Plans for an 80-unit rental apartment complex on the former Evanston Theatre site won final approval from aldermen Monday night.

The approval came after developer Bob Horne of Dodge Capital LLC assured the City Council that last-minute objections neighbors raised — claiming the Hardie Board fiber cement siding proposed for parts of the building posed a health risk for for neighbors and children at nearby St. Athanasius school — were unfounded.

Horne said a government warning label on the product is directed to the person cutting the boards, and that there’s no off-site risk. “There will be absolutely no risk to neighbors from it,” Horne said.

Alderman Melissa Wynne, 3rd Ward, who had previously objected to plans for The Eastwood in committee, said she was now satisfied that parking provided by the project would be sufficient.

The only no vote came from Alderman Judy Fiske, 1st Ward, who said the 81 parking spaces proposed were inadequate and who said she’d like to see higher-quality finishes used on the exterior.

The project, at 1700-1722 Central St., was initially approved in 2007 as a four-story, 51-unit condominium development, but it never broke ground after the recession devastated the market for condos.

Horne says the condo market is still dead, but it’s now possible to get financing for rental projects. The new design increased the number of units and reduces the amount of parking while staying within essentially the same footprint previously approved for the project.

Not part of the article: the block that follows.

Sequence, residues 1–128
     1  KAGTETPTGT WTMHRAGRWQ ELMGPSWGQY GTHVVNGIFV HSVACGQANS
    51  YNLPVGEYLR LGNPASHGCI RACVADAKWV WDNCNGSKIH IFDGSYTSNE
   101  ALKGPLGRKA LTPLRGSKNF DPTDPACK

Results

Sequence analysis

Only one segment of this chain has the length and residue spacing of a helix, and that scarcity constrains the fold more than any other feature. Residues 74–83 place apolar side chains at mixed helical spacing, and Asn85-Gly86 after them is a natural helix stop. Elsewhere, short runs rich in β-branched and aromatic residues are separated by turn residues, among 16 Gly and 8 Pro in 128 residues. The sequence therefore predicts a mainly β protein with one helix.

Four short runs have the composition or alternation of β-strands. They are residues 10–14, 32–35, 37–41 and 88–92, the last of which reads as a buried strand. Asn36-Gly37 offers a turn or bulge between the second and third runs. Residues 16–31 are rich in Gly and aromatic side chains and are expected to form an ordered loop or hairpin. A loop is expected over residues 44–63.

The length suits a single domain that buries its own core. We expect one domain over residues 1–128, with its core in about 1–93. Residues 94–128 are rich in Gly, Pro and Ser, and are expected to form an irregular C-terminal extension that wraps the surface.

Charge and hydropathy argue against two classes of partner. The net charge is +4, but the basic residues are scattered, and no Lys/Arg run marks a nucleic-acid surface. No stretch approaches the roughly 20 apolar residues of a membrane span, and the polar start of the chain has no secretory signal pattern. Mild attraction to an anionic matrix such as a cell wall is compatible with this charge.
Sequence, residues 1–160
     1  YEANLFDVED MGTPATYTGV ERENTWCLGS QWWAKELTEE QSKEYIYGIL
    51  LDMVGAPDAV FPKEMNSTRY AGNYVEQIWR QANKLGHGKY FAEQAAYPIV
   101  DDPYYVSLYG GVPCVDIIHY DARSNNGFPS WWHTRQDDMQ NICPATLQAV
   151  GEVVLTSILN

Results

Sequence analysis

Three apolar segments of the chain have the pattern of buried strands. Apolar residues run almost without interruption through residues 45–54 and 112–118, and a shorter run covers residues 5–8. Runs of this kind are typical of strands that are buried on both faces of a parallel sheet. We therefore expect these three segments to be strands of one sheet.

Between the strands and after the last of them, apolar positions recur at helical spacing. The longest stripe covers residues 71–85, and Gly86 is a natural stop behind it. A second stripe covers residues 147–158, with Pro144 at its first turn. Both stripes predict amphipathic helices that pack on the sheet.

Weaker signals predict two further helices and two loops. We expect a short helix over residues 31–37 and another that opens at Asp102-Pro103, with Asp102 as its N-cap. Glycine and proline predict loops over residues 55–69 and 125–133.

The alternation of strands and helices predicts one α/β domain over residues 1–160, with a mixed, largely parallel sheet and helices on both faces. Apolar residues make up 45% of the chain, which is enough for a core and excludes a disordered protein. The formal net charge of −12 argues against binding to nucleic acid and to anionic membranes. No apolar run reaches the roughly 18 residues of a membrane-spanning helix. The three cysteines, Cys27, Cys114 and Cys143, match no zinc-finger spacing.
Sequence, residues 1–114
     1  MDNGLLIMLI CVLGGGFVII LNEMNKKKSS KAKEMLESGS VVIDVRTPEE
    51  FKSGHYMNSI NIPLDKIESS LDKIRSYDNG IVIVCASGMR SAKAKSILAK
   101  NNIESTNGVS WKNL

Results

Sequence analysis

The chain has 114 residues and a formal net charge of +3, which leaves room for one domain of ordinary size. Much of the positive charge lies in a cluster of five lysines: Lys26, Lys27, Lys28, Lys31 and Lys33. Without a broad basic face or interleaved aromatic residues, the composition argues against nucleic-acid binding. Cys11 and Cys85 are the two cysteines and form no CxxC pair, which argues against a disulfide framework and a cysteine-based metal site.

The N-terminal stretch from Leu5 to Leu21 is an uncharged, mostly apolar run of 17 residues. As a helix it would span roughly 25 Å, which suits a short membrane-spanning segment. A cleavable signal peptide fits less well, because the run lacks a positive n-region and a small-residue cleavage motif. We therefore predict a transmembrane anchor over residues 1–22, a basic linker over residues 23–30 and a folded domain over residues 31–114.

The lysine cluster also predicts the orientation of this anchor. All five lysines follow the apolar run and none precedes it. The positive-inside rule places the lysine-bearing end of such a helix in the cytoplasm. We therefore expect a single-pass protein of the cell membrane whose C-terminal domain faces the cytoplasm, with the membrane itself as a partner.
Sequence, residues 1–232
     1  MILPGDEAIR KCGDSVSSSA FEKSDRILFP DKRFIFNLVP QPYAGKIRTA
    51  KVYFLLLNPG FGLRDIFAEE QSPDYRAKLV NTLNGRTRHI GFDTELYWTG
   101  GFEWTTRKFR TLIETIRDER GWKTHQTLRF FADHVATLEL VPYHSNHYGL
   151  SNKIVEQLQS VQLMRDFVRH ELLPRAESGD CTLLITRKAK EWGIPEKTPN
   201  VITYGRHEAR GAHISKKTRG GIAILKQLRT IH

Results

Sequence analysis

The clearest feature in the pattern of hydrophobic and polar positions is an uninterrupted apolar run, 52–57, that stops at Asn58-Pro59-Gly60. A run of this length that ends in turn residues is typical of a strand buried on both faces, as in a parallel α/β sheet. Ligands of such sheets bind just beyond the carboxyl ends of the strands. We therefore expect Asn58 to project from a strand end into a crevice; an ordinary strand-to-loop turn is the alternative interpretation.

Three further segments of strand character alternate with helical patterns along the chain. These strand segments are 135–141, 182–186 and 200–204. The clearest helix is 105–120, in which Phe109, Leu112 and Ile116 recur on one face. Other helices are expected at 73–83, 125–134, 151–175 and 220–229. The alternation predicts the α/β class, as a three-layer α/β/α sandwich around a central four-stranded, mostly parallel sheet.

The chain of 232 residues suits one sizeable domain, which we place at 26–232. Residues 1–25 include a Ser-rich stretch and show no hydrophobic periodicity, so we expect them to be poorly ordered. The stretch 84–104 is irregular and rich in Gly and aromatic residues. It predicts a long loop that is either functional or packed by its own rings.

Alderman Coleen Burrus, 9th Ward, said she’s supported the project since the beginning, when she was on the Plan Commission. And she commended the developer for consistently showing a willingness to make changes in response to public comment.

Alderman Jane Grover, whose 7th Ward includes the 1700 Central St. project site, said she’d opposed the development when it was first proposed years ago, and at about the same time also opposed a smaller development, Prairie Central, just a block or so from her home.

But now that that the Prairie Central project has been completed, she said, she sees that “her worst-case scenario” didn’t happen on that one. “It’s a very good addition to the neighborhood,” Grover said.

She said she believes plans for The Eastwood match the city’s goals for encouraging transit-oriented development, given that the project is just a block from the Central Street Metra station and little more than a half mile from the Central Street CTA station.

Some neighbors continued to argue Monday that the project should be sent back to the city’s Plan Commission for further review.

But John Enright, owner of the Bluestone restaurant on Central Street, who plans to move his restaurant to a building across the street from the new development said The Eastwood would bring new life to a part of Central Street that’s been less successful than the area west of the Metra tracks.

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Central Street project wins council vote

Bill Smith is the editor and publisher of Evanston Now.

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